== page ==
CHCC’s unpaid utility bills now $26M, says CUC

THE Commonwealth Healthcare Corp.’s unpaid utility bills had reached $26 million as of Nov. 30, CUC acting chief financial officer Corina Magofna reported to the CUC board.

CHCC pays a minimum of $5,000 or less a month to CUC, she added.

At a board meeting on Wednesday, CUC legal counsel James Sirok said CUC is supposed to collect $400,000 from CHCC every month, but the healthcare corporation was underfunded so CUC agreed to a $300,000 monthly payment.

But CHCC is still not complying, he added.

“The $26 million keeps escalating — it doesn’t go down at all and that’s hurting us. That’s why I’m saying, to use a medical term, that we are ‘hemorrhaging’ because of this issue,” Sirok said.

He said there were several meetings between CUC and CHCC to come up with a new and more realistic payment agreement.

Asked for comment, CHCC Chief Executive Officer Esther Muna said: “Prior to Typhoon Yutu hitting the islands, [CHCC and CUC] were working to reconcile the account as there were discrepancies. No formal agreement was reached, unfortunately, during the discussions. We are, however, ready and willing to go back to the table to come up with an agreement.  Utility costs are a huge part of the overall costs of providing care to the entire CNMI community.  CHCC accounts for utility cost in our annual budget and while a portion is offset by insurance and patient payments, there is the huge uncompensated portion that isn’t.”     

Magofna also reported that the CNMI central government owes CUC $4.8 million while the Commonwealth Ports Authority still owes $17.3 million. CPA made a payment of $4 million on Nov. 30.

Sirok said newspaper reports have depicted the CNMI government as the “culprit” that “owes so much money to CUC.”

However, he added, “in reality the CNMI government is moving along and is working well with CUC in trying to establish what they owe and to pay us what they owe.”

He said $4.8 million is substantially less than what the CNMI central government previously owed CUC.

Sirok added that CUC needs to finalize payment agreements with CPA and the hospital so they can “get back on track.”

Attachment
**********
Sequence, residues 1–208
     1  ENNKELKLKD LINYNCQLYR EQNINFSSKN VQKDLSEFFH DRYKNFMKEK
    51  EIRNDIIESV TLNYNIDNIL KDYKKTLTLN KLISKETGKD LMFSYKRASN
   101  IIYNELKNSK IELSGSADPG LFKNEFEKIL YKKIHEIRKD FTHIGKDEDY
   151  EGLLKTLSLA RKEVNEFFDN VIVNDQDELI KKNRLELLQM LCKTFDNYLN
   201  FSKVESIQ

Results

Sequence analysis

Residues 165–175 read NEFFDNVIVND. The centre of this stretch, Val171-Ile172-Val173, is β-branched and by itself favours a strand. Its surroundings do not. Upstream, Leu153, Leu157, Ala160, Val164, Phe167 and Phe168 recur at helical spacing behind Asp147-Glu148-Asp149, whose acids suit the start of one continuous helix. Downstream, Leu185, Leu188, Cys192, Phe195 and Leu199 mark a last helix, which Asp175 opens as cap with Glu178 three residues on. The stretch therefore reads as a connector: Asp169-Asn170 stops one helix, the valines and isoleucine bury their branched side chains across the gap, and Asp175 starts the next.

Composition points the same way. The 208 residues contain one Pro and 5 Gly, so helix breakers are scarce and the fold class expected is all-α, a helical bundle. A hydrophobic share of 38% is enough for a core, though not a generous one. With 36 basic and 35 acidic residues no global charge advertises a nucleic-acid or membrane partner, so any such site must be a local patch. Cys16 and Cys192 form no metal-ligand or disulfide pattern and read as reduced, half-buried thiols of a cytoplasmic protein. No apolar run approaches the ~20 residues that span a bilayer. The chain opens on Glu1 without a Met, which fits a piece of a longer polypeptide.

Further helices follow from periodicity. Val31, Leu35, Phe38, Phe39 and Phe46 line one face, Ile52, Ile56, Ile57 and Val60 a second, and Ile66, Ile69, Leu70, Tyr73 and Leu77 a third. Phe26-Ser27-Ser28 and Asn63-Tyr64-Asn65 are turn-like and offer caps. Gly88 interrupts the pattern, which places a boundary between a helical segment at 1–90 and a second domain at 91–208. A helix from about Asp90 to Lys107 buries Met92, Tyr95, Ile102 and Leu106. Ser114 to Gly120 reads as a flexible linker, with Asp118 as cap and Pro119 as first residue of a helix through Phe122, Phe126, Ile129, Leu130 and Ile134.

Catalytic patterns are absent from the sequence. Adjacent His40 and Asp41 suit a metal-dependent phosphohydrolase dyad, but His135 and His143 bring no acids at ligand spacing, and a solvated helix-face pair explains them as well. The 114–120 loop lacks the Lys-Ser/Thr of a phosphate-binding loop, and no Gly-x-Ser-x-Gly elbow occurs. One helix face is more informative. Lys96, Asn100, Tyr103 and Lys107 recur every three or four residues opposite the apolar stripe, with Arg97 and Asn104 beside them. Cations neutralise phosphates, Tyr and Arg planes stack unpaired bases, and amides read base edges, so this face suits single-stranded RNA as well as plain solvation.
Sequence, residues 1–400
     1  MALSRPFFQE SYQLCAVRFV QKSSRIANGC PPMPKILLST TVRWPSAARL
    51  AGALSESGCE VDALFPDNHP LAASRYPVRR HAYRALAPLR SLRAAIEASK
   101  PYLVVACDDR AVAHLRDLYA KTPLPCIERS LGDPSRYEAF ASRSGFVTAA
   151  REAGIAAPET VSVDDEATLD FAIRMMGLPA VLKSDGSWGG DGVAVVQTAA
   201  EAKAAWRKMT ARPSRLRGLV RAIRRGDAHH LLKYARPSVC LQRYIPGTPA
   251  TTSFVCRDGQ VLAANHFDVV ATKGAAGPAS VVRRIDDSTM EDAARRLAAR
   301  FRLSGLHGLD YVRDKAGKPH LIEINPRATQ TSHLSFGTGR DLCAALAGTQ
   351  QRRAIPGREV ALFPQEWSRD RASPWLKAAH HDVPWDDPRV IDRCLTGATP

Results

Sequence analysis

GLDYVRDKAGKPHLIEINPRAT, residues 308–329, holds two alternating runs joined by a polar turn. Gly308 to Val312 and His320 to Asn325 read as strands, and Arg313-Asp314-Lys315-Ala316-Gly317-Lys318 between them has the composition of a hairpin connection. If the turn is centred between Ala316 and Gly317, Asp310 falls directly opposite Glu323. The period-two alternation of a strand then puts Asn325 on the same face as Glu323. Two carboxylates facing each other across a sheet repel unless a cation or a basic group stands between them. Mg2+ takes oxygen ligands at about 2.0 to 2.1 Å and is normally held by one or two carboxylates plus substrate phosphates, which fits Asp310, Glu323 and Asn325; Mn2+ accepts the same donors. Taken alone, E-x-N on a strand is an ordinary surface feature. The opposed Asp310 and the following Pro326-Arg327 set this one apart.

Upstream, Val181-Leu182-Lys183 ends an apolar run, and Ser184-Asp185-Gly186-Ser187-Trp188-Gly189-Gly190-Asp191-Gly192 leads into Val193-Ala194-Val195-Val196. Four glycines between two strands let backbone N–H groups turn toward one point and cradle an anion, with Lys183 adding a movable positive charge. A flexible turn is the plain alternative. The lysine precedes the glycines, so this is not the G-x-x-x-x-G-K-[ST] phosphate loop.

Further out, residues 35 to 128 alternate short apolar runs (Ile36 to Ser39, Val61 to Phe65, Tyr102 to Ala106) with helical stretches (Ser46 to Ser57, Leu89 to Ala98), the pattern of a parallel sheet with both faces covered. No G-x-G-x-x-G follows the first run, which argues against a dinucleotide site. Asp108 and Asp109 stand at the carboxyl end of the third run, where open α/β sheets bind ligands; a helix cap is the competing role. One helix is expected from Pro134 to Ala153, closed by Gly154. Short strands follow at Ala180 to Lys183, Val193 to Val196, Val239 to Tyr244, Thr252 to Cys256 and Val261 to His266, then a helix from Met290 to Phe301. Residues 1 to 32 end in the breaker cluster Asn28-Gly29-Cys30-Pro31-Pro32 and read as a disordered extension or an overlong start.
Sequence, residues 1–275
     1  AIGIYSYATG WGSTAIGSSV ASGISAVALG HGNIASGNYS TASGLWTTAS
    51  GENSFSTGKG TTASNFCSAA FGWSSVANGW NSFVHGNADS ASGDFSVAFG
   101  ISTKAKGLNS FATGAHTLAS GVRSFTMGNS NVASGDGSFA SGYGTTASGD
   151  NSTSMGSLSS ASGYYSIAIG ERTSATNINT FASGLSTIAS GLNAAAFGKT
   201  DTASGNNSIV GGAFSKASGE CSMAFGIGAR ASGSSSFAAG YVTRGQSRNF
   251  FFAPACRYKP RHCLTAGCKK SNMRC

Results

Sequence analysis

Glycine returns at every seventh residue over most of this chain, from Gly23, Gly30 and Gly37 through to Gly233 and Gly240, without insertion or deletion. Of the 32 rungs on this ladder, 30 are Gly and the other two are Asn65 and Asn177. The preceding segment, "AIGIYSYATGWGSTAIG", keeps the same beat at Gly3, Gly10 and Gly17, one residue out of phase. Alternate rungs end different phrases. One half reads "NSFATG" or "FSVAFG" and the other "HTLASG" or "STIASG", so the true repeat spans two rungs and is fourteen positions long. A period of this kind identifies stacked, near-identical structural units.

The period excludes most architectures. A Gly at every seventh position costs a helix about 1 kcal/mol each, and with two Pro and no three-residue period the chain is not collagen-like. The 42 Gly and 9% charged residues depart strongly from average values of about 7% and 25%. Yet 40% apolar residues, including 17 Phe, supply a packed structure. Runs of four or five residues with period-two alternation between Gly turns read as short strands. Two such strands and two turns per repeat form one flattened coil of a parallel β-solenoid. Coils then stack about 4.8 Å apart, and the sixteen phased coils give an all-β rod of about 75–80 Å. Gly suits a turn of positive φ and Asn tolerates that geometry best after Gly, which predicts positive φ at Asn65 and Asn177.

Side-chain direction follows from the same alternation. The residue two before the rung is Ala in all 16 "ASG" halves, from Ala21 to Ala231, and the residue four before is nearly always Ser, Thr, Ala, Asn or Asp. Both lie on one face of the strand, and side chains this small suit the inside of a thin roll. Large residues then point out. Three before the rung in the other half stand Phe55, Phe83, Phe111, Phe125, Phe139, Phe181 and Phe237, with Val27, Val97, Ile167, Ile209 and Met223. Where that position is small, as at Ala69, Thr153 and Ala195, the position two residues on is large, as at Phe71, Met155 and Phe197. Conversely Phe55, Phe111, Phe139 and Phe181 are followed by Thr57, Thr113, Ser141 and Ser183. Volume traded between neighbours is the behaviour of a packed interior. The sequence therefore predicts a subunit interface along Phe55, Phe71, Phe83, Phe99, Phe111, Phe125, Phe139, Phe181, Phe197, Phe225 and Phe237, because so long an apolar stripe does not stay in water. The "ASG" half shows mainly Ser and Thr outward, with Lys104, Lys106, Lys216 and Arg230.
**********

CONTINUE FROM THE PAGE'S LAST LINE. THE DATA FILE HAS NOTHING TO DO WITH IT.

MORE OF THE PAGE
For his part, CUC Executive Director Gary Camacho said the CNMI government is assisting CUC with the restoration program.

“The [CNMI government] has provided millions of dollars that we can’t afford,” he said. Funds have been provided by the CNMI government to CUC and other agencies for the post-typhoon repair and restoration of their facilities, he added.

He noted that the Federal Emergency Management Agency will reimburse restoration expenses only after 45 days.

Magofna said CUC’s budget for fiscal year 2019, which started on Oct. 1, is $122 million and they have already spent $12.2 million.

CUC’s revenue projection for November was $9.3 million from the power, water and wastewater divisions, but CUC  generated $6.5 million only due to the damage caused by the typhoon, she added.

A lot of our customers have been affected by the typhoon, she said. “But we have funding to sustain our operation even with the decrease in collections.”

Camacho reported that CUC incurred $6.3 million in post-typhoon expenses, and that the CNMI government has provided $23 million for CUC’s restoration program.

As of reporting, Camacho said FEMA has reimbursed $2.2 million of CUC’s expenses.

He said CUC will need $11 million for materials in the restoration effort and $49 million for labor and the resiliency program which includes the replacement of all wooden power poles with concrete ones.

Source: Marianas Variety :

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